“Nemesis is unlike anything that Philip Roth has ever written. Humor is an absence and God a presence.” Today we are re-reading Michael Kimmage’s review of Philip Roth’s last novel, Nemesis.
The special relationship between Jews and learning has been endlessly documented. Yet these investigations have largely overlooked the textual communion that transubstantiates books and learning into the body and blood of Jewish experience.
It's an interesting time to open a museum that argues for the interconnectedness of the Jewish world since it is virtually impossible for non-Israelis to enter the country.
“The holiday is also sweet and dear because poor and dejected Jews toil hard, alas, and struggle, and just barely, in the nick of time, amid great trouble, angst and tribulations, bring in the holy holiday. Now, finally, they can rest and relax for eight days in a row.” A new translation of Sholem Aleichem by Curt Leviant.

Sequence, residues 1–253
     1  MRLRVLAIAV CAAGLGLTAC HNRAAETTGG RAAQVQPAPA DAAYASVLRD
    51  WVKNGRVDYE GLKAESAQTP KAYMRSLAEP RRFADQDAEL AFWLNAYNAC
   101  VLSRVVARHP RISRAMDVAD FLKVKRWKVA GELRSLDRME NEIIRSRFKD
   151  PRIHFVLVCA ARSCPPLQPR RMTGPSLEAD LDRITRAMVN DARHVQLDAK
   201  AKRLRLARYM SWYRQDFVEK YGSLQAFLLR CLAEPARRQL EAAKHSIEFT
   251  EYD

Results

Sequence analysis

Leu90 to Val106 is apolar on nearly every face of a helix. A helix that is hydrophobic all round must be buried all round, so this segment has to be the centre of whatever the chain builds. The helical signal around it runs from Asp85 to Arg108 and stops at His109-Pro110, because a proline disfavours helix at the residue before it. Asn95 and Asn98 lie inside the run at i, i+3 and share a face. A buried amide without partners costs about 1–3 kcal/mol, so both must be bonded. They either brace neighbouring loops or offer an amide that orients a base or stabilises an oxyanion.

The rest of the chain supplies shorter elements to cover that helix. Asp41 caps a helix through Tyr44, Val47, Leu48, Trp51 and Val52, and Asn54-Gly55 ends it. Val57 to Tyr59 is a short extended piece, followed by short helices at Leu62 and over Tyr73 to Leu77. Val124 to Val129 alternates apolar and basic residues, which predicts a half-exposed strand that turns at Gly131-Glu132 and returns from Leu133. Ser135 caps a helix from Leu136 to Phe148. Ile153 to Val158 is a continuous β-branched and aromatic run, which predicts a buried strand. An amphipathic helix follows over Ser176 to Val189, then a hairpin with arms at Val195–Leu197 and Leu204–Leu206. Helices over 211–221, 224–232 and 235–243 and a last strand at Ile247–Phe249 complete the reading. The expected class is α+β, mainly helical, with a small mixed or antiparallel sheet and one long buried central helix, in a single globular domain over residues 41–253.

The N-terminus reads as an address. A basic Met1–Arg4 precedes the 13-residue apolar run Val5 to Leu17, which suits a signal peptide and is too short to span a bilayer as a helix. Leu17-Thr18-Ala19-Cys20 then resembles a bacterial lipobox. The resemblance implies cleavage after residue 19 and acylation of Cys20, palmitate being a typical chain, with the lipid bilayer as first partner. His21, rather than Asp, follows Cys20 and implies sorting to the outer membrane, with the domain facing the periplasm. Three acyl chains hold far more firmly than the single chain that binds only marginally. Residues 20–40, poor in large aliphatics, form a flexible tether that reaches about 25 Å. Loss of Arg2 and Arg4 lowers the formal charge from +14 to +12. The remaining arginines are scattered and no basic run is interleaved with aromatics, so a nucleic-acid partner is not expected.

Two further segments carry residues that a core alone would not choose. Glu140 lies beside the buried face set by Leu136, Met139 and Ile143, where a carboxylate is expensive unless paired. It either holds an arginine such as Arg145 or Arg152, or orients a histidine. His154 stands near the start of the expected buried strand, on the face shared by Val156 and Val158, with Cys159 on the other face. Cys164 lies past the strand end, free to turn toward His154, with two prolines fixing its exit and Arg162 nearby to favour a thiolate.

“I was a year old,” Rivka Miriam says, “and my father would hold me in his arms and throw me up and down and I laughed and laughed and laughed. Each time he threw me up he’d yell in Yiddish ‘Rivkela Rivkela where’s Savta?’ ‘Killed.’ ‘Rivkela Rivkela where’s Miriam?’ ‘Killed.’ ‘Rivkela Rivkela where’s Chaim?’ ‘Killed.’ He’d say all the names…